ALLEGATIONS OF COVERUP
Deferred prosecution agreements and remediation are two terms being bandied about in discussions regarding the SNC-Lavalin/Jody Wilson-Raybould scandal over the past week.Many commentators have been almost as critical about these legal tools to hold corporate criminals accountable as they have been on Prime Minister Justin Trudeau’s handling of this affair.Last week, it was alleged that the Prime Minister’s Office improperly pressured Wilson-Raybould to urge the director of public prosecutions to help SNC-Lavalin avoid a traditional prosecution through the courts. If found guilty, the engineering giant could be banned from bidding on federal contracts for 10 years.Wilson-Raybould refused to comply and the opposition and media speculate that is why she was demoted from her post as Canada’s first Indigenous justice minister and attorney general to minister of veterans affairs. Wilson-Raybould resigned from cabinet on Tuesday and is seeking legal counsel on what she can publicly discuss.Critics have been saying that deferred prosecution agreements, DPAs, are little more than “get-out-of-jail-free-cards” or an example of the federal Liberal government pandering to Quebec-based SNC-Lavalin simply to help shady friends avoid going to prison.But corporate law experts say the federal government’s establishment of DPAs, which came into force in Canada on Sept. 19, 2018, was long overdue and much needed.One of the best defences of DPAs, says Lawrence Ritchie, a partner at Toronto law firm Osler, is to protect the employees and shareholders of a large corporation from being punished for the actions of a single individual. In light of the fact that the United States and the United Kingdom both have had these prosecutorial tools at their disposal for years, Canada was at a disadvantage.In the case of SNC-Lavalin — which has a history of corporate criminality and corruption — its 8,600 Canadian employees, many of them considered among the most skilled engineers in the world, don’t deserve to lose their jobs because one of the executives allegedly bribed Libyan officials to win lucrative contracts in that country.“This is not a get-out-ofjail-free card in any way,” said Ritchie.“On the contrary. There are huge reputational risks associated with being investigated and admitting to wrongdoing, which is a precondition to this kind of agreement. What this does is it provides an avenue for a relatively prompt resolution of a matter so that the overseers of the corporation in question can get on with serving the shareholders and stakeholders, including the employees, and not be unfairly delivered a corporate death sentence. That outcome not only hurts the wrongdoers but a lot of innocent people who had nothing to do with the wrongdoing,” said Ritchie, who was reached in his Toronto office on Wednesday.“It’s not appropriate in every case, but to have, like we have for so many years in this country, only a binary set of options of either drop the case or proceed to prosecution, DPAs significantly broaden the options before the prosecution and actually ensures that more criminal activity is prosecuted, not less.”Graham Steele, assistant professor of business law in the Rowe School of Business at Dalhousie University in Halifax, said despite the negative publicity that DPAs are getting of late, “they are not an inherently bad thing.”“There are arguments for and against them but, by and large, I would say they are a useful tool for prosecutors to have,” said Steele, who is a Rhodes Scholar, a lawyer and a former finance minister from 2009 to 2012 in Nova Scotia premier Darrell Dexter’s NDP government.“DPAs have been quite successful in the United States because investigating and prosecuting these transnational corruption cases can be incredibly difficult, time consuming and expensive. The main virtue of DPAs is they encourage corporations to come clean rather than lawyering up and digging in for a fight in the criminal court, which may take many years and which the prosecutors may not be able to prove beyond a reasonable doubt,” said Steele. “They’re a good tool to have as long as they’re used in the public interest.”Suggestions that the remediation law was passed under the cover of darkness — buried in a large budget bill — “is not really true,” said Steele.“There was a discussion paper and the people who follow this stuff knew it was there.”Ritchie agrees, saying “there was a broad consultation process” prior to DPAs becoming law. That the federal Liberals are not crowing about that is surprising.Steele says Canada’s model of DPAs leans more closely to that of the U.K. than the U.S.One of the key features in the U.K. model, which was established in 2014, and Canada’s model is that any agreement must be put before a court for approval. That’s not the case in the U.S.“One of the criticisms in the United States is that some of these negotiations can seem a little bit too cosy and deals are being worked out in backrooms, whereas in Canada, it goes before a judge who’s asked to check that all of the conditions have been met and they appear to be in the public interest,” said Steele.Who initiates the discussion about pursuing a DPA is clearly delineated in the Criminal Code, Section 715.32 (1).“The attorney general has to sign off on a DPA, but nowhere in the law is it contemplated that the attorney general would be the one who would initiate the DPA or even lean on the prosecutor to initiate the DPA,” said Steele.“If a prosecutor got that kind of a call they would have to tell the attorney general to ‘buzz off,’ that it is not appropriate for them to call.“Just based on what I’ve seen so far, it sounds like the attorney general knew her role,” added Steele.In other words, DPAs or remediation make for good law. As for how the PMO has treated Wilson-Raybould, that’s another issue entirely.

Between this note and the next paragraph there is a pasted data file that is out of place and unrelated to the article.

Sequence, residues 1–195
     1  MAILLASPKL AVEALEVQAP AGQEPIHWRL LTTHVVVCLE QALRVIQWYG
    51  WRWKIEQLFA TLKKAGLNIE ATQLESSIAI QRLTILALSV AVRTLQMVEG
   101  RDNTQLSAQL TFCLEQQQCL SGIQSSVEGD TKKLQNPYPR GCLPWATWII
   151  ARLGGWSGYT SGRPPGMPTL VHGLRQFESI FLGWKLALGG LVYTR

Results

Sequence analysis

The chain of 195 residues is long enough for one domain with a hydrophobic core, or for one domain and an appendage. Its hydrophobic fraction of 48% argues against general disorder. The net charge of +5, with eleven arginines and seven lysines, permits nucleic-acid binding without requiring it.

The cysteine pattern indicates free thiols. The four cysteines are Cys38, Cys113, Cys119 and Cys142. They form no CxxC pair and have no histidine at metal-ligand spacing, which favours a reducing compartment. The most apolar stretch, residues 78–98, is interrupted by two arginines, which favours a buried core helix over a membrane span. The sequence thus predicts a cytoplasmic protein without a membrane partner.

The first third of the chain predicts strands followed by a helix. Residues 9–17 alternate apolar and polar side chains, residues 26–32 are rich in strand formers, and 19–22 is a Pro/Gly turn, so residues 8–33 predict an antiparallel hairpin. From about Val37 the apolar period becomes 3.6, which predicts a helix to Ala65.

Prime Minister Justin Trudeau greets Jody Wilson-Raybould as she was sworn in as Veterans Affairs minister on Jan. 14. She resigned earlier this week over the SNC-Lavelin scandal and is seeking legal advice.